The factoring example shows a multiplication "circuit" with two 3-bit inputs and a 6-bit output. Each 3-bit input can represent unsigned integer factors from 0 through 7 as follows.

To keep things simple, the factoring demo circuit / embedding was designed to solve the problem of what two 3 bit inputs multiplied together give you a 6 bit output of 12, 21, or 49. Since 12 cannot be represented using 3 bits (12 > 2^3), you'd need a larger circuit / embedding where the two inputs were at least 4 bits each. You can use the Factoring Jupyter Notebook as a guide for how you might do this yourself.

## Comments

Scott D(Report)Hi Gerald,

The factoring example shows a multiplication "circuit" with two 3-bit inputs and a 6-bit output. Each 3-bit input can represent unsigned integer factors from 0 through 7 as follows.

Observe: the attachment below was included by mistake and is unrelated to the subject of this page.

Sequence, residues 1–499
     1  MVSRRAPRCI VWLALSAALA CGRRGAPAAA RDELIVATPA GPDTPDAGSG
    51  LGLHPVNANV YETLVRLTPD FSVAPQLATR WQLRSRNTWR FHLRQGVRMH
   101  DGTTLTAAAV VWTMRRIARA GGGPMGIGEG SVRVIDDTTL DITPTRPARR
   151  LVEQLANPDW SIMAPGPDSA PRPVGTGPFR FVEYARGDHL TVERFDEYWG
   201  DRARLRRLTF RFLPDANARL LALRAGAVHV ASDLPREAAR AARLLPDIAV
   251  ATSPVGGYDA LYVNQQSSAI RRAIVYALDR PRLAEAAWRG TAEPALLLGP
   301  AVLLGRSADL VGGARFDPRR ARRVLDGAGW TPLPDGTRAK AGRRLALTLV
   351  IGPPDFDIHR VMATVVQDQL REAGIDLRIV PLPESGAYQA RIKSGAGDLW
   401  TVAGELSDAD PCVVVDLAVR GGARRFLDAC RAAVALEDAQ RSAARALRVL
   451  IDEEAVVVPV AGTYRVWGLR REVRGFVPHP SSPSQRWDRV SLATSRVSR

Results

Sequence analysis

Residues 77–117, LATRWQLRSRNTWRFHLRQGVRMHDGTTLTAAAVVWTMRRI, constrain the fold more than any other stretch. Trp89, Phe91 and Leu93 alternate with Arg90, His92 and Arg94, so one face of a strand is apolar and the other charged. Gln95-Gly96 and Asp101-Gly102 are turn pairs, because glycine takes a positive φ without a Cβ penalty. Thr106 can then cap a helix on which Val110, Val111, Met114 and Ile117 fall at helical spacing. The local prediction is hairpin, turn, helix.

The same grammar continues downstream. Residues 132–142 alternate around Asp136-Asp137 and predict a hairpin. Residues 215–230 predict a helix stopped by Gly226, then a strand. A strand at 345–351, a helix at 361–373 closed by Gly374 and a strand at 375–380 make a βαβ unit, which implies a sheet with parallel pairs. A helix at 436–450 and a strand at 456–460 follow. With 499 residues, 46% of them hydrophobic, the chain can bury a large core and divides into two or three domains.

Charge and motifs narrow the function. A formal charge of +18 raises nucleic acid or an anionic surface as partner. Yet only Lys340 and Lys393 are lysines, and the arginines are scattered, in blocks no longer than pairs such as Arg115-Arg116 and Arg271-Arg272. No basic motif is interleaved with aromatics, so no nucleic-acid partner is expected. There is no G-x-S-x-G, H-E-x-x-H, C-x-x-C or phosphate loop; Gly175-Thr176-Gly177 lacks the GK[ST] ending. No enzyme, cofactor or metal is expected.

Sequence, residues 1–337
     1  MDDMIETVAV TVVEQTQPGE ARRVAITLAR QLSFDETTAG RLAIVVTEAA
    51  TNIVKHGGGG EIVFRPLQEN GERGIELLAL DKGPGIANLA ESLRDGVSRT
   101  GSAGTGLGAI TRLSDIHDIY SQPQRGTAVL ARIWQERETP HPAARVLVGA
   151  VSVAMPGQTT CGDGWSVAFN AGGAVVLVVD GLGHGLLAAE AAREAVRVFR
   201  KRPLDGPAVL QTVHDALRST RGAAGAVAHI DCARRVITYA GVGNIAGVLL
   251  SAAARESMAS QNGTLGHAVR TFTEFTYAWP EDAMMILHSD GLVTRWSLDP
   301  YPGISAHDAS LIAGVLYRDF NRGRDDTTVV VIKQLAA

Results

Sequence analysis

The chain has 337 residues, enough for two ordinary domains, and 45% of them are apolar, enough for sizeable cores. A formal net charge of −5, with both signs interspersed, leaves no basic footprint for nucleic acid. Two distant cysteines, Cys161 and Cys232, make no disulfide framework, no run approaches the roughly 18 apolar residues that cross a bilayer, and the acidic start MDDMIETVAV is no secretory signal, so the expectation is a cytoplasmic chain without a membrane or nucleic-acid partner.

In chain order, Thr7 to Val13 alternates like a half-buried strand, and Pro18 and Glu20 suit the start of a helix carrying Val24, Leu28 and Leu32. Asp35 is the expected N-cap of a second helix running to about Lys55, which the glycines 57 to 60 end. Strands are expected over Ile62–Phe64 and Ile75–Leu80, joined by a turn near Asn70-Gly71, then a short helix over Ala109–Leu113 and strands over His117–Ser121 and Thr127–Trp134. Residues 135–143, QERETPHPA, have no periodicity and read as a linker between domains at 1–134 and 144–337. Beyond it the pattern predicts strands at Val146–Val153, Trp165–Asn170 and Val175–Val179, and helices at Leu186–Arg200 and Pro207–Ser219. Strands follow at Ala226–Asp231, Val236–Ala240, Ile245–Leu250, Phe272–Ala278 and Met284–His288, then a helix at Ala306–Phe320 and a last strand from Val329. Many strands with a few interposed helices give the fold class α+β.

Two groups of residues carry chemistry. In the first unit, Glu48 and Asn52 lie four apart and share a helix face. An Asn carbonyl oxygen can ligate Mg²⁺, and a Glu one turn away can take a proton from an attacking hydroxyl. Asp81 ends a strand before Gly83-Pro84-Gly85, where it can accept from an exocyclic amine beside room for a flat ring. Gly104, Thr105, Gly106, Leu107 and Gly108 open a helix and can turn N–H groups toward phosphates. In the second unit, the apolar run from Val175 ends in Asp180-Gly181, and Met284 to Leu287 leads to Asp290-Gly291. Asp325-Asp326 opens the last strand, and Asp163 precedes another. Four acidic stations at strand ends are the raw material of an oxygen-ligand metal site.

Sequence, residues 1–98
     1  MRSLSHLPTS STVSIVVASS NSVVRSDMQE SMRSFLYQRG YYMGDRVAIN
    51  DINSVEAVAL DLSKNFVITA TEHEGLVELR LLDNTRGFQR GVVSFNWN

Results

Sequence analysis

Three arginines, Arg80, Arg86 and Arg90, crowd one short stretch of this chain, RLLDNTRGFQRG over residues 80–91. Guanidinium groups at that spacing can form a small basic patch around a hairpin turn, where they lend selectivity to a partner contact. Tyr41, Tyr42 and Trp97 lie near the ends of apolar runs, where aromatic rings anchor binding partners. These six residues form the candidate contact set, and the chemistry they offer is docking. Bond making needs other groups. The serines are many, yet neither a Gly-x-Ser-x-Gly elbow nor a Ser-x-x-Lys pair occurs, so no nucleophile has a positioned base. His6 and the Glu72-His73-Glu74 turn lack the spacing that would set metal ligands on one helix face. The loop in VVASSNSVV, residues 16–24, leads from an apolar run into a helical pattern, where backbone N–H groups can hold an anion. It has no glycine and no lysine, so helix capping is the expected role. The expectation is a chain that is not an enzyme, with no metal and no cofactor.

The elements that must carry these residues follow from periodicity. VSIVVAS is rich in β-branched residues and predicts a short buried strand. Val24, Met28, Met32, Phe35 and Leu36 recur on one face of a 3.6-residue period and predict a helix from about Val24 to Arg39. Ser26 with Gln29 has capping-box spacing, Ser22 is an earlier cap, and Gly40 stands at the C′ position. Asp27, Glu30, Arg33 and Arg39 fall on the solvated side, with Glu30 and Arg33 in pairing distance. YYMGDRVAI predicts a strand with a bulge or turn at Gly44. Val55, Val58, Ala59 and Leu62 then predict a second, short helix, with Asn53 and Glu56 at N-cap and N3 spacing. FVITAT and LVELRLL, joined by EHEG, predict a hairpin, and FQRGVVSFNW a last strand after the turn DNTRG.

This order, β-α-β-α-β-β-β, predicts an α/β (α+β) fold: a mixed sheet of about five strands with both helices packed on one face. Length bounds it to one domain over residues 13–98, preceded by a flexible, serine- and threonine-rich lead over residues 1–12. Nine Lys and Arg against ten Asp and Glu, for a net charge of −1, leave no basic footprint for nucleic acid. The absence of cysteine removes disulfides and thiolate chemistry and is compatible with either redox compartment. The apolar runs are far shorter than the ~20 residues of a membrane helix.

A 4-bit input would be required to represent a factor from 8 to 15.

Cheers,

S.D.

David M(Report)To keep things simple, the factoring demo circuit / embedding was designed to solve the problem of what two 3 bit inputs multiplied together give you a 6 bit output of 12, 21, or 49. Since 12 cannot be represented using 3 bits (12 > 2^3), you'd need a larger circuit / embedding where the two inputs were at least 4 bits each. You can use the Factoring Jupyter Notebook as a guide for how you might do this yourself.

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